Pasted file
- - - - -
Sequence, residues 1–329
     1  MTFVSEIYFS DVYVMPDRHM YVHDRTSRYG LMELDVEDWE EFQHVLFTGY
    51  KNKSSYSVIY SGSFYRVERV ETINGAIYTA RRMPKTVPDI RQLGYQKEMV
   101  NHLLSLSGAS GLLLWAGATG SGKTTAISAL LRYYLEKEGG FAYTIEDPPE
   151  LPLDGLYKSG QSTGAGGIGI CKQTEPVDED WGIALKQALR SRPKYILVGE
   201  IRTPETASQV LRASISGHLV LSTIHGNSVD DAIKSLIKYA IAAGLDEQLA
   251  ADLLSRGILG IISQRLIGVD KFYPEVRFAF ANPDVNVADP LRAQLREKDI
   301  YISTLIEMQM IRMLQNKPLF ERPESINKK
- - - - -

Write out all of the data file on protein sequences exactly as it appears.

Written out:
Sequence, residues 1–329
     1  MTFVSEIYFS DVYVMPDRHM YVHDRTSRYG LMELDVEDWE EFQHVLFTGY
    51  KNKSSYSVIY SGSFYRVERV ETINGAIYTA RRMPKTVPDI RQLGYQKEMV
   101  NHLLSLSGAS GLLLWAGATG SGKTTAISAL LRYYLEKEGG FAYTIEDPPE
   151  LPLDGLYKSG QSTGAGGIGI CKQTEPVDED WGIALKQALR SRPKYILVGE
   201  IRTPETASQV LRASISGHLV LSTIHGNSVD DAIKSLIKYA IAAGLDEQLA
   251  ADLLSRGILG IISQRLIGVD KFYPEVRFAF ANPDVNVADP LRAQLREKDI
   301  YISTLIEMQM IRMLQNKPLF ERPESINKK